Financial penalty guidelines for magistrates would improve standards in the private rental sector, the cross-party association said.
Councils can already slap private landlords with fines of up to £30,000 for offences such as failing to license a property.
But for the most serious offences, such as fire safety breaches or substandard housing, which councils take to court – there are no guidelines for magistrates sentencing.
At the moment, financial punishment is based on how much a landlord says they can afford – rather than the seriousness of the offence or the harm caused to tenants.
The LGA said the fines should at least match the highest level of a civil penalty to raise.
More than a quarter of privately rented homes failed to meet the decent homes standard in 2016, according to latest figures from the English Housing Survey.
And now councils want more room to implement licencing schemes.
Under the current system, local authorities have to apply to the secretary of state for Housing, Communities and Local Government for permission if a scheme covers more than 20% of an area or 20% of privately rented homes.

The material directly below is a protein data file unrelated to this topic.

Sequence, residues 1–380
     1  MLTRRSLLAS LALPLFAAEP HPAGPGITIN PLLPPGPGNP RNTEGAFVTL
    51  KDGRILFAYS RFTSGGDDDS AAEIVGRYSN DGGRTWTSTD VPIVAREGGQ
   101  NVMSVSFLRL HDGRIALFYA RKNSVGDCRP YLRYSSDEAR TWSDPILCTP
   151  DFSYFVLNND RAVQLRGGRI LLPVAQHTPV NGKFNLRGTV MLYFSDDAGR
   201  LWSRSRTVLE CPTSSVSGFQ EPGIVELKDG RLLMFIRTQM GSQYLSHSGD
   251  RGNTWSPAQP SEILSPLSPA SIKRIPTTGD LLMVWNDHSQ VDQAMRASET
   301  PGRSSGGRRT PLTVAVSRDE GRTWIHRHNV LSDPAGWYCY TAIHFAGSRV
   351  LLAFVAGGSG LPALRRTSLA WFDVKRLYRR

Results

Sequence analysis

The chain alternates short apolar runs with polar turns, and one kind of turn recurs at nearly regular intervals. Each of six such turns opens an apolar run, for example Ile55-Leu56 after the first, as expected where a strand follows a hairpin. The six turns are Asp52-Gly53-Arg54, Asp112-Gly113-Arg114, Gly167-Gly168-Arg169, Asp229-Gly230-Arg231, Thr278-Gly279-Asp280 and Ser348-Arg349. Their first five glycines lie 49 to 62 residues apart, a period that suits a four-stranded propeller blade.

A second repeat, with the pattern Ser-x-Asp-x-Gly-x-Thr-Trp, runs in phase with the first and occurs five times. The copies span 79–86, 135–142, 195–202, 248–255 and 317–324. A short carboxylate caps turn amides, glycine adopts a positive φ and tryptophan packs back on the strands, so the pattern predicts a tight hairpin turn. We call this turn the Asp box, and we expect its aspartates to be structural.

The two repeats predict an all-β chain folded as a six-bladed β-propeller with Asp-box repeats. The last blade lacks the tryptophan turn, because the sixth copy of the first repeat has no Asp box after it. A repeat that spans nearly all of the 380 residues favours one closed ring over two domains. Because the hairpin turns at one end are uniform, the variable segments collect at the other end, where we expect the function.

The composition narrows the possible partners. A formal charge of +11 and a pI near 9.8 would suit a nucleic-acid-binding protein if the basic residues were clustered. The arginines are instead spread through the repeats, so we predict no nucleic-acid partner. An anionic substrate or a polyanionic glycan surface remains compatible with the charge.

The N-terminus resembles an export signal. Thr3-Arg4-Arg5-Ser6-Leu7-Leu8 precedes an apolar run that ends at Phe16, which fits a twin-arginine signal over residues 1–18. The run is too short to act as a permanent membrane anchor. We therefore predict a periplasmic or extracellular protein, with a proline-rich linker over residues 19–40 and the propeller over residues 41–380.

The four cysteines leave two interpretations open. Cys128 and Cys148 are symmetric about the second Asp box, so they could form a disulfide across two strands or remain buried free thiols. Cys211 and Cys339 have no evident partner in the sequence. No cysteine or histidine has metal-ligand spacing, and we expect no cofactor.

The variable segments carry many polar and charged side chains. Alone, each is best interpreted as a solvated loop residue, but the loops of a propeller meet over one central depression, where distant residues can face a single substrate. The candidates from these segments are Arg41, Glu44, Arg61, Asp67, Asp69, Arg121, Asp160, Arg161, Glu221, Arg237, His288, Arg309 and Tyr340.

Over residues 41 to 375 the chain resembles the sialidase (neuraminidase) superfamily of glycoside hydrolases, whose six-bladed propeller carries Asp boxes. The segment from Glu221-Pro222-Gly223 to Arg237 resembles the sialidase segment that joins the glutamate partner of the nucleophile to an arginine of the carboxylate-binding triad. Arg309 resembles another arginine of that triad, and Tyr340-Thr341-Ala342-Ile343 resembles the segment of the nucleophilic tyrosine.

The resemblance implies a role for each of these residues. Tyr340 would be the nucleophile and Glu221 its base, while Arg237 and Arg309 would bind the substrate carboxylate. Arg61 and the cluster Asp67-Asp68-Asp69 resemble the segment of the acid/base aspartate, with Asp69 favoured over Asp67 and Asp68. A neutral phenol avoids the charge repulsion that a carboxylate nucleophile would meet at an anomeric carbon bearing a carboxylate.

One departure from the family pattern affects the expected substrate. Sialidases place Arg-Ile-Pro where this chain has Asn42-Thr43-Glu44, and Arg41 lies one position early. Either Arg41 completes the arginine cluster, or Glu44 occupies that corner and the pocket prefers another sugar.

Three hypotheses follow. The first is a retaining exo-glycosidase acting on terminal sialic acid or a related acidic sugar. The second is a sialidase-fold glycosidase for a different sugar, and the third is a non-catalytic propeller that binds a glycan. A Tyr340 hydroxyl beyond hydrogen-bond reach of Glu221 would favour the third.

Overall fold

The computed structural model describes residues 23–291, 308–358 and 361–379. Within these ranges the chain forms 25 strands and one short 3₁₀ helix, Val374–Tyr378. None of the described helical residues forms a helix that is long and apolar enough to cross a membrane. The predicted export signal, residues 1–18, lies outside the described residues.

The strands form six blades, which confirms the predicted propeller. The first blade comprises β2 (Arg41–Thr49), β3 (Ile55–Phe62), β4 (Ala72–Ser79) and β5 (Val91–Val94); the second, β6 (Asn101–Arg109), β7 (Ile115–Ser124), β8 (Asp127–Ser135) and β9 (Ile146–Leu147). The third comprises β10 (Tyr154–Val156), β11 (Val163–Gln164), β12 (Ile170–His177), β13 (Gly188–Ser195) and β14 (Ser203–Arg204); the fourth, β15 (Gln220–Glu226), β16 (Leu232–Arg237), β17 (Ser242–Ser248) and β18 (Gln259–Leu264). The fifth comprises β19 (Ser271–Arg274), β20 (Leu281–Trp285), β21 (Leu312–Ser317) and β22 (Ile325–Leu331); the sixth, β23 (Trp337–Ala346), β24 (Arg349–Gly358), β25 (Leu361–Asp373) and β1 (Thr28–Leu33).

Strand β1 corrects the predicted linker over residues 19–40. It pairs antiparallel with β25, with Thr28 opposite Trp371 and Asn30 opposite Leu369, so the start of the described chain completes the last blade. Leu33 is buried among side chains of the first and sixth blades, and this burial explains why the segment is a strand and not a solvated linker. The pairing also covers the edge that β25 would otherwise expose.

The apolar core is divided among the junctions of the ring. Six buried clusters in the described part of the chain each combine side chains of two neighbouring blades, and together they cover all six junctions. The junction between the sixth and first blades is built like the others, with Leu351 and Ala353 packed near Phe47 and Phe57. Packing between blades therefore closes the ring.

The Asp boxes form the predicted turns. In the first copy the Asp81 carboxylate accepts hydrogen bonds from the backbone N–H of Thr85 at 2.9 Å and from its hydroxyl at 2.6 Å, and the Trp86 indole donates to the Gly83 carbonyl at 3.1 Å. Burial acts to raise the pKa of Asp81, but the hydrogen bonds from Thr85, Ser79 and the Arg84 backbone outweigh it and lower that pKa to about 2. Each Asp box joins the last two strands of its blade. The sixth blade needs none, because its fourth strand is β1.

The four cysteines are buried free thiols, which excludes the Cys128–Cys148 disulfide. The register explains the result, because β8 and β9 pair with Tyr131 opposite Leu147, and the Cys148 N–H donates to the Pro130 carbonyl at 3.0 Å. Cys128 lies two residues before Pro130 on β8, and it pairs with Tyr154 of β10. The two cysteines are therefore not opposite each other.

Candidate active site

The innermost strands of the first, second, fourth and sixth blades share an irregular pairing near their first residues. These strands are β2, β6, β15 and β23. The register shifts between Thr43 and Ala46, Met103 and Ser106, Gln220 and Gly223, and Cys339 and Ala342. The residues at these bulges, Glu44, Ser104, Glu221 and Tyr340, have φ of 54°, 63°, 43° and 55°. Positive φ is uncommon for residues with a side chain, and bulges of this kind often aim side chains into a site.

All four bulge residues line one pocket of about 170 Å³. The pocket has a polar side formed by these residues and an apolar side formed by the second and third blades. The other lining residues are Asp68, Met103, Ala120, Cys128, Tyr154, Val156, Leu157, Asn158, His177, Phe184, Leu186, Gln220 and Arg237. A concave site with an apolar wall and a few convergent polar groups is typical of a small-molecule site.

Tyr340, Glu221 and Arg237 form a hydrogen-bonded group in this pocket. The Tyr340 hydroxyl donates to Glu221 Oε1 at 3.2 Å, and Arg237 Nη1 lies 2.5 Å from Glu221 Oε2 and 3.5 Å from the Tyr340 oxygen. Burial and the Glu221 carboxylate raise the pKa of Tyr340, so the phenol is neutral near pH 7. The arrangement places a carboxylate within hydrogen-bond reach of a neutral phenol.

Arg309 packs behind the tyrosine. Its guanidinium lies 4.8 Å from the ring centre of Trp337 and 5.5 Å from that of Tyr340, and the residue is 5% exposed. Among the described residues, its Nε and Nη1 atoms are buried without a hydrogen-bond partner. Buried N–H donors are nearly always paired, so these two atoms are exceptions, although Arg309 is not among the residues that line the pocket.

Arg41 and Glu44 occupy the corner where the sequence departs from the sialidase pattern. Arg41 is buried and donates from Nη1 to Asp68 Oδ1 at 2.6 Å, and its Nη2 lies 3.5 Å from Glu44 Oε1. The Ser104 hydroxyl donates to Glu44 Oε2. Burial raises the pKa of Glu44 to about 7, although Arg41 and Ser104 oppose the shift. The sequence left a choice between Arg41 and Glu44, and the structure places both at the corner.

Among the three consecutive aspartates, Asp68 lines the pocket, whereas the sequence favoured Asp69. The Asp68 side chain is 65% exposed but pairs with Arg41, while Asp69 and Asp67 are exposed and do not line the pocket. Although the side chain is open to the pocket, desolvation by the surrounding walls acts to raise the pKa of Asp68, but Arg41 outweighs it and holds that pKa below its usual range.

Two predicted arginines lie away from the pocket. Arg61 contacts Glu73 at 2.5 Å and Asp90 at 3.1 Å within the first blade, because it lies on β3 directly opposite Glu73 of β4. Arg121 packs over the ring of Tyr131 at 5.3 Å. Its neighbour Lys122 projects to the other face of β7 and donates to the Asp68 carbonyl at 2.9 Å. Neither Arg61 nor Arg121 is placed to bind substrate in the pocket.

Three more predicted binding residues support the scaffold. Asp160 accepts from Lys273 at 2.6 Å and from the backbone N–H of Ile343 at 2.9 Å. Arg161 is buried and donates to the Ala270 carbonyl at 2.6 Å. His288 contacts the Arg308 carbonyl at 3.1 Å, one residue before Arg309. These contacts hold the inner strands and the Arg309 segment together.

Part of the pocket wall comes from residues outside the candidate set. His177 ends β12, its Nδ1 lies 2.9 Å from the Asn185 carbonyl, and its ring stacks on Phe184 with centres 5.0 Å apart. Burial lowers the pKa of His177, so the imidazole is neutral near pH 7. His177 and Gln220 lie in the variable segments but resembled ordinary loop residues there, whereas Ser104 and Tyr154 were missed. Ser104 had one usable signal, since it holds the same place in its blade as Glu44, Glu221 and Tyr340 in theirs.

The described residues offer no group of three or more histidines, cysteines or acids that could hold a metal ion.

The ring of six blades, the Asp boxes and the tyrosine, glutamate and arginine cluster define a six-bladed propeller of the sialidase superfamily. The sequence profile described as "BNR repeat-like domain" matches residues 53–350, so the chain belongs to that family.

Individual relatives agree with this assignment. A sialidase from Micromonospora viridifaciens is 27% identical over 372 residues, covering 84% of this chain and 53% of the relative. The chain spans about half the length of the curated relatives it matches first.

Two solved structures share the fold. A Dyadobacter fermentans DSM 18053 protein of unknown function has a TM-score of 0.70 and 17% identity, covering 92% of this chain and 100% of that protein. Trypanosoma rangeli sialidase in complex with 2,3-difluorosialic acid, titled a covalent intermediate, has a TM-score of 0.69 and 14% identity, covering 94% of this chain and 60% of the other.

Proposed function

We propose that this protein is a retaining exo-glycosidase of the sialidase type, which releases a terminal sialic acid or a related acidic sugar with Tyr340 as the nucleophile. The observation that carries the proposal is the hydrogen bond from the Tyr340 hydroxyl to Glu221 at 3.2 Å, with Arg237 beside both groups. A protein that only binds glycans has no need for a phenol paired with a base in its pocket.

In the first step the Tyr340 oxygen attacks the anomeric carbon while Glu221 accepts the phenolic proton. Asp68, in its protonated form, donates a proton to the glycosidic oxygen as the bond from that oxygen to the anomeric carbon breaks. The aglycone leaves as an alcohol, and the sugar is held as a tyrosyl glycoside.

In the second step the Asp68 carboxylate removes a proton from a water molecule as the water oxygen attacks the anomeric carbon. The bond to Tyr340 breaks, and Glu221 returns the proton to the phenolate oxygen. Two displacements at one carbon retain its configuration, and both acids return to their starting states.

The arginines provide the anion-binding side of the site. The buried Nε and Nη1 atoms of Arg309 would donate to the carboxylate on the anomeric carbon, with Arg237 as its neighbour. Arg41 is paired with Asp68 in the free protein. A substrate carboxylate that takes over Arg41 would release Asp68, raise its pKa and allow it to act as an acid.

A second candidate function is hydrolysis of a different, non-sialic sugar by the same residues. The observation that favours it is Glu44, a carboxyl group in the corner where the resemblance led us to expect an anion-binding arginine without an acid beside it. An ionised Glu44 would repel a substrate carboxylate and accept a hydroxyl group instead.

Martin Tett, LGA housing spokesman, said: “Councils want to work with landlords, not against them.
“But with more young people and families renting privately than ever before, we need to see reforms that will maintain and improve housing standards.
“A key deterrent to rogue landlords would be for the government to set common sentencing guidelines which delivers consistency across the courts.
“It is not right that the level of civil penalty could outweigh that which is handed out by magistrates.”
Tett noted that many councils are already tackling issues in the private rental sector by bringing in landlord licensing schemes but they were limited in how widely these can be introduced.
He added: “We need to see these rules relaxed and councils given more freedom and flexibility in establishing schemes.”
“Landlord licensing schemes allow landlords to demonstrate that they are responsible and adhere to ensuring homes are maintained to a high standard.
“It also protects and provides reassurance to tenants that they are living in a decent, safe and secure home.”